Social media will be the demise of young adults. Since its emergence in the early 2000s, it has captivated younger generations whether it be Snapchat, Twitter, Facebook, Instagram, Vine, Tik-Tok or any of the others. There is no denying that we have become obsessed with the accessibility to the world around us.
I think this obsession will kill us. Not literally, but metaphorically. There was once a time when people could spend more than two hours watching the evening news uninterrupted. Now, because of social media, the average viewer has the attention span of two and a half minutes. There was also a time when our biggest motivator for completing our homework was the reward of getting to go outside. Now people, including myself, have to compete with their phone for just five minutes of pure concentration. Another contributor to this metaphorical death of young adults is the lack of personal connections. Dating for the average 18- to 23-year-old often consists of swiping left or right on potential matches within a five-mile radius. Now, before you assume I am judging those who use dating apps like Tinder, know that I am simply making an observation.
These days, it’s not unheard of to find your best friend on social media. People are able to make true, honest and deep connections with people who live across the world. It’s amazing. The downside is sometimes we can be so used to having our written words do the talking that we forget how to use our voice.
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For me, the battle with social media revolves around self-worth. As much as I try to convince myself that I don’t compare myself to others, the reality is I do. It’s hard to see my former classmates married with kids and not want that. Something else that is really difficult is seeing the confidence of all those I follow on my social media platforms. Sure, some of them may be similar to me in that they only appear to be confident but, it’s easy to only present those aspects of life that make us proud. In reality, many who appear to have their lives together on social media are falling apart inside.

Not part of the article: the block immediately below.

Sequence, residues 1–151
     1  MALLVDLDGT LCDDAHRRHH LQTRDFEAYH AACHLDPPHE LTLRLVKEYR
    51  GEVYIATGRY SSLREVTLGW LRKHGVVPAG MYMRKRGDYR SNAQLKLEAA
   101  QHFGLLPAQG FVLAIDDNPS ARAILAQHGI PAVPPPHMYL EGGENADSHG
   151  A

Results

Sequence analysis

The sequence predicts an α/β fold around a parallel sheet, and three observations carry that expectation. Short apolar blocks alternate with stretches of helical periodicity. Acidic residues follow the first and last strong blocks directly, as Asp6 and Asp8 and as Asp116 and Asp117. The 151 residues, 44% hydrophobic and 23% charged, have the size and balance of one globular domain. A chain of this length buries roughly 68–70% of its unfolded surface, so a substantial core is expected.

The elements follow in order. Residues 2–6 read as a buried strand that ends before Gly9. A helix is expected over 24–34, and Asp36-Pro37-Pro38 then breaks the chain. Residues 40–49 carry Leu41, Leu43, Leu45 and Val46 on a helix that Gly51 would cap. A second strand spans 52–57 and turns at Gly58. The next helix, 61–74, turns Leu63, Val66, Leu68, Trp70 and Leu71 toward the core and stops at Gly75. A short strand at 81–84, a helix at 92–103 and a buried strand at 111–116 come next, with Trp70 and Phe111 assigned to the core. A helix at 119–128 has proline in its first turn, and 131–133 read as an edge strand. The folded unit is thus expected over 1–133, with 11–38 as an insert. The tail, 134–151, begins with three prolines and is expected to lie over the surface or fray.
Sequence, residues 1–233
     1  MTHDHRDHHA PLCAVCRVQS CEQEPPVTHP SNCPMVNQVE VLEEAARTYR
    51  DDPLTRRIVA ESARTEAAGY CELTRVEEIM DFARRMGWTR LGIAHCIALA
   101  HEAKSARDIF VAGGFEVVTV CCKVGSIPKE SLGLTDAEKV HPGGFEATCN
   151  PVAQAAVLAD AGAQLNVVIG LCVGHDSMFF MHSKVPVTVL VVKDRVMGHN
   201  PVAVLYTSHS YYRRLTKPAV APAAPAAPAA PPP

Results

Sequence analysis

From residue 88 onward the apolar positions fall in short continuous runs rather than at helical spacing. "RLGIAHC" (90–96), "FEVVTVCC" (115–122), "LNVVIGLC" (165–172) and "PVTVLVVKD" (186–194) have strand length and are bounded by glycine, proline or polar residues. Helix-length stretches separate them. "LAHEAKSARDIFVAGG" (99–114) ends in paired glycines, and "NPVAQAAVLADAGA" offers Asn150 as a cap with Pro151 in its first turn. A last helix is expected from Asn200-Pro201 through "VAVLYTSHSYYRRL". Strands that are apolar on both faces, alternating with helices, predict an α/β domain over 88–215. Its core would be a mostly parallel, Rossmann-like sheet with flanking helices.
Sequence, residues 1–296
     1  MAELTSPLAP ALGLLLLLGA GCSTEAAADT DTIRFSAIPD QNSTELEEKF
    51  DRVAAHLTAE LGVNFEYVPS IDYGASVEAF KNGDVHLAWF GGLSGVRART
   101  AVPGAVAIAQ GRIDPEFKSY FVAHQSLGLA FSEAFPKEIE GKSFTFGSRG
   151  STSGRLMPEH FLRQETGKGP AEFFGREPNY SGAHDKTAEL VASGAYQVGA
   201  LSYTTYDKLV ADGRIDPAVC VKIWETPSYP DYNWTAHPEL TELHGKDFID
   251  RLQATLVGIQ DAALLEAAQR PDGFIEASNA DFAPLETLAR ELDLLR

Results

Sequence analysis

Social media has the potential to be incredibly toxic. For me, at this stage in my life, it is damaging to my mental health. For the past year or so, I have been using social media as a distraction instead of facing my low self-esteem head on. In January, after the first week of school, I deleted the Instagram app off my phone. This decision was easy and the separation from the scrolling and the feeling of needing to know what is going on in everyone’s life has been effortless. What hasn’t been easy is the reality of how deeply I’ve been struggling.
This past year was rough. I spent too much time filling the glasses of those around me and left myself withered.
Everyone has a version of social media in their life. We all have that great distraction. I recommend figuring out what the “social media” is in your life and see where your journey takes you once it’s removed — even if only temporarily.
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